Morals and values in YA lit, or Janette should really get more sleep before she opens her mouth

A couple of weeks ago, my friend (and super author) Shannon Hale asked for my opinion on a blog she was doing on morals and values in young adult books. Shannon, like a lot of authors, says she doesn’t think about morals or values as she writes. She just tells the story and lets people draw their own conclusions about it.

I typed out my opinion and sent it to her–although I wrote the email during a long stint of not-getting-much-sleep, and on that particular night I was up for 28 hours straight. The result is that my answer came off much harsher than I intended and it sort of sounded like I’m telling a lot of authors that they’re going straight to h*ll. With no stops along the way.

Yeah. Sorry about that to all of you authors I may have offended and will subsequently end up sitting next to at upcoming book conferences.

You can see the whole discussion over at: http://oinks.squeetus.com/2010/06/morals-and-values-and-lessons-oh-my.html

But basically my quote was something along the lines of: It’s irresponsible for YA authors to write about teen characters having sex when they make it seem like no bad consequences will happen. It’s tantamount to encouraging fourteen-year-olds to throw their lives away, and you’re all going to h*ll!!

Okay, maybe that wasn’t the exact quote, because I went on for several paragraphs, however you get the idea.

But here’s why it’s such an issue for me. About nine years ago while I was doing research for my book, What the Doctor Ordered, I had a scene where my doctor character counseled a pregnant teen. He told her she needed to get tested for sexually transmitted diseases, so I wanted him to throw out some statistics about STDs. I went on the internet to research STDs but I couldn’t believe the numbers. They were too high. Fifty percent of people have the HPV virus that causes genital warts and several kinds of cancer? One in six people have herpes? Surely not. More people would be talking about STDs if they were that big of a problem.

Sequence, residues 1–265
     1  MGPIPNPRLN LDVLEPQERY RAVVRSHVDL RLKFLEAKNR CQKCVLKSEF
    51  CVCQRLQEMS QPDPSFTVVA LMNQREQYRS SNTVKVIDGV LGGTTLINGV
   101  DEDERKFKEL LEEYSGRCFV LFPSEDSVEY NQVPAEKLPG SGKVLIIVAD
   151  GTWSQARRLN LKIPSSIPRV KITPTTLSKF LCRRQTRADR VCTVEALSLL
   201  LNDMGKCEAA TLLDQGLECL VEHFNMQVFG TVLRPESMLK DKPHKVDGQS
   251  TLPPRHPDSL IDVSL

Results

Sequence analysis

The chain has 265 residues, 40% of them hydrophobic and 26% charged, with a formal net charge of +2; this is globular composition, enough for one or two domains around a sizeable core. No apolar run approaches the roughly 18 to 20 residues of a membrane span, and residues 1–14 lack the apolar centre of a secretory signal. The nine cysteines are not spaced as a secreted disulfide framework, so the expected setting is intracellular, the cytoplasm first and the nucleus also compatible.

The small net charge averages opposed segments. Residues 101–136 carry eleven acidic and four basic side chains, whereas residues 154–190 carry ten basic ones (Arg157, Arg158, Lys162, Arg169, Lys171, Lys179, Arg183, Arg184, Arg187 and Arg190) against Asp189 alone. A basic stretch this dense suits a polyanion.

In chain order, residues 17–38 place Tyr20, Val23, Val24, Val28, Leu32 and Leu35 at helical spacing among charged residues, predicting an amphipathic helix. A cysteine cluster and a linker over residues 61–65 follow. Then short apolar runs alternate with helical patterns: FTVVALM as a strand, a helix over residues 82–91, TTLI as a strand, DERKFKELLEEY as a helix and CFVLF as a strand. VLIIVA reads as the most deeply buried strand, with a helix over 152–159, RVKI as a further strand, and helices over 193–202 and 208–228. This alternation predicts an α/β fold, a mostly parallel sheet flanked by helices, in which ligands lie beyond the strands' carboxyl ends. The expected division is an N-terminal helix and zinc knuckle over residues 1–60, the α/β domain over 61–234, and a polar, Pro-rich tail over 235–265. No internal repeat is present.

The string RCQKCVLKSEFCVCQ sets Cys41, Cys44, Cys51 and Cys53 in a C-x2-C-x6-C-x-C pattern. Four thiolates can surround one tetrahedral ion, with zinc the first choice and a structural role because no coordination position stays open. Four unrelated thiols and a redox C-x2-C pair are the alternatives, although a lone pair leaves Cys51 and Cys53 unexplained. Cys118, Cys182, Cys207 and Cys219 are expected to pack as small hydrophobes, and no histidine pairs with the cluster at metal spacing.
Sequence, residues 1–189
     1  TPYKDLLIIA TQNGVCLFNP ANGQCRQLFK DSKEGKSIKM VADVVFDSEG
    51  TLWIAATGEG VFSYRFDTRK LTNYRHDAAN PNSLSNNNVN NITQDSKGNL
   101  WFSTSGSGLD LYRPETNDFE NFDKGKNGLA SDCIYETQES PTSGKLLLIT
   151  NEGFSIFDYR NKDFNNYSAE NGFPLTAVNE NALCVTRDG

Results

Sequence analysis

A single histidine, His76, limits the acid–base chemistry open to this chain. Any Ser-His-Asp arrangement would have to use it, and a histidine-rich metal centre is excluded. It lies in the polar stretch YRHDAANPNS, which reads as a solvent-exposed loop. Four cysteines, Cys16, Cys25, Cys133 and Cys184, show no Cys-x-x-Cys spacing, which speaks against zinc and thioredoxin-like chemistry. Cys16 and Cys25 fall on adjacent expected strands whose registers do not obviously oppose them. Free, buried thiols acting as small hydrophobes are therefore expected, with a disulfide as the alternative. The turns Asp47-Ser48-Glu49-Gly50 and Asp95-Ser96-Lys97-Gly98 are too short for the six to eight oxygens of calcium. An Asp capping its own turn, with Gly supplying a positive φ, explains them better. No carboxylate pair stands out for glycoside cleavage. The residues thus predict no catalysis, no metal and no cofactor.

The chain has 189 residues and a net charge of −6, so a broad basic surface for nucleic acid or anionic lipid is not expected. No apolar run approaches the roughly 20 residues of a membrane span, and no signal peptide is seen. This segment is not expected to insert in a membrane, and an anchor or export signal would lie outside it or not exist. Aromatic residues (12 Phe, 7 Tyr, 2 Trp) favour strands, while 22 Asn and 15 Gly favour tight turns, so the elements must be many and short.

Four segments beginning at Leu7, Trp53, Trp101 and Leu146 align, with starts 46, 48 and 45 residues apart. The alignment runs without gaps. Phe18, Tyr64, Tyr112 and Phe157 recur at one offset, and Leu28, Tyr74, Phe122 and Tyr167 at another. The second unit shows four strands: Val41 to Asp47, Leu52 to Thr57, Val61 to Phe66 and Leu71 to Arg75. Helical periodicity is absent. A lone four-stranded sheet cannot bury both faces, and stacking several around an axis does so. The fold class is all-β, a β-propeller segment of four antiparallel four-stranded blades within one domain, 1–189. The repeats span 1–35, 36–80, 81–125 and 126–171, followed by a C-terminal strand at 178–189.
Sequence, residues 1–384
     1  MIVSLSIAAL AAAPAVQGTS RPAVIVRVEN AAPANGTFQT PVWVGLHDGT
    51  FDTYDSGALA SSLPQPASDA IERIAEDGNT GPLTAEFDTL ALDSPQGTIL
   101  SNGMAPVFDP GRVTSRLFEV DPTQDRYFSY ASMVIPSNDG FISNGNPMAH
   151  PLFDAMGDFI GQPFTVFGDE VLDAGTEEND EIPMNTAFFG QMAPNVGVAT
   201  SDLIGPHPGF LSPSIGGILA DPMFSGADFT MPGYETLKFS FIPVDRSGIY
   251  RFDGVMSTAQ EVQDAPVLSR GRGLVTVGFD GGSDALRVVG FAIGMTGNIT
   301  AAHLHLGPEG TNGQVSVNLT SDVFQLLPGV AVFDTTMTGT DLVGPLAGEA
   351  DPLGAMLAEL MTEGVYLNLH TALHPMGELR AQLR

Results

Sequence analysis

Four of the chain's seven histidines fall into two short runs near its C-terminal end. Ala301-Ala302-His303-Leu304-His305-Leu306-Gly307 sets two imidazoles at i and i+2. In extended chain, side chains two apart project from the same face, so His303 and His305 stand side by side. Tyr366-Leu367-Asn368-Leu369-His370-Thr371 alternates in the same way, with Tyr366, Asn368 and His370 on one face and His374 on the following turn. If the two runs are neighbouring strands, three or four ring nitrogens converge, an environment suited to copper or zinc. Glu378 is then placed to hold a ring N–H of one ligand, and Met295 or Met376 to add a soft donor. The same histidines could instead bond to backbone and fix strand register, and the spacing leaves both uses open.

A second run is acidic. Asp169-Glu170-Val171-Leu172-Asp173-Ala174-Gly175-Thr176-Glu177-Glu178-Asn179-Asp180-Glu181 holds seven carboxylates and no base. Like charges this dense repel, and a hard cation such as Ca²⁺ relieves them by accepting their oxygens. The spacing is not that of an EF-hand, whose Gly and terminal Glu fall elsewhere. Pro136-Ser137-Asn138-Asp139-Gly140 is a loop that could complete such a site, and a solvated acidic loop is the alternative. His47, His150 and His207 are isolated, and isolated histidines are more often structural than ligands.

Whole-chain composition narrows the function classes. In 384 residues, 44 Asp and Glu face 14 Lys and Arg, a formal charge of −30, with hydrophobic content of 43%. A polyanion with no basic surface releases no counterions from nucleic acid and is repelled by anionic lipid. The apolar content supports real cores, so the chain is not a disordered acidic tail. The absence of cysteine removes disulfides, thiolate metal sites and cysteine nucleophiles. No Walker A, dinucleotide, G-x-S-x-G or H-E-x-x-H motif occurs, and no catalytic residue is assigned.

I called two STD hotlines and both times was told that 80% of sexually active people older than 14 years-old have some kind of STD. I still didn’t believe it so I called my gynecologist and asked him. He confirmed the numbers.

I was completely shocked. I still am. It’s a huge elephant in the room that nobody is mentioning.

Here’s another cheery statistic for you. I have a friend who works for a drug company and he’s traveled to Africa several times to work with doctors on their HIV medicine. According to him, in more than one country, one out of every five people are infected with HIV. One out of five! Think of the people who live on your street or the kids in your children’s school. Can you imagine if one out of every five of them had an incurable deadly disease?

Are we here in the USA smarter? Are we safer? Not according to one website I saw that said 50% of teens who have sex don’t use condoms.

And here are a few more facts kids should know before they make life changing decisions: Several STDs are incurable, many are painful, some aren’t prevented by using condoms, and more than one can kill you.

According to The Center for Disease Control approximately 19 million new STDs occur each year— almost half of them among young people 15 to 24 years of age.

The most reported diseases in the country every year are Chlamydia and Gonorrhea. Women/girls are particularly at risk because women don’t get symptoms from these diseases but both can result in infertility if left untreated.

As an added bonus, Gonorrhea—which has the highest reported rates of infection among teenagers and young adults—can cause pelvic inflammatory disease. About one million women in the United States develop PID each year. Look forward to abdominal pain, fever, and internal pus-filled “pockets” that are hard to cure and long-lasting.

Not fun enough? If you get syphilis, which can also go for years without detection, it can damage your internal organs, including the brain, nerves, eyes, heart, blood vessels, liver, bones, and joints. Signs and symptoms of the late stage of syphilis include difficulty coordinating muscle movements, paralysis, numbness, gradual blindness, dementia, and death.

Well that’s certainly worth contracting if the guy is dreamy enough.

I could go on, but I won’t. If you’re interested in more fun facts, you can go to the CDC website at: http://www.cdc.gov/std/default.htm

In truth, I don’t think my fellow authors realize what a serious and devastating problem all of this is. I think they would be more hesitant to put sex scenes in their YA books if they did. Of course, I’ve done my part to solve the problem. I told all of the authors that read Shannon Hale’s blog that they’re going to h*ll.

I’m just really caring and tactful that way.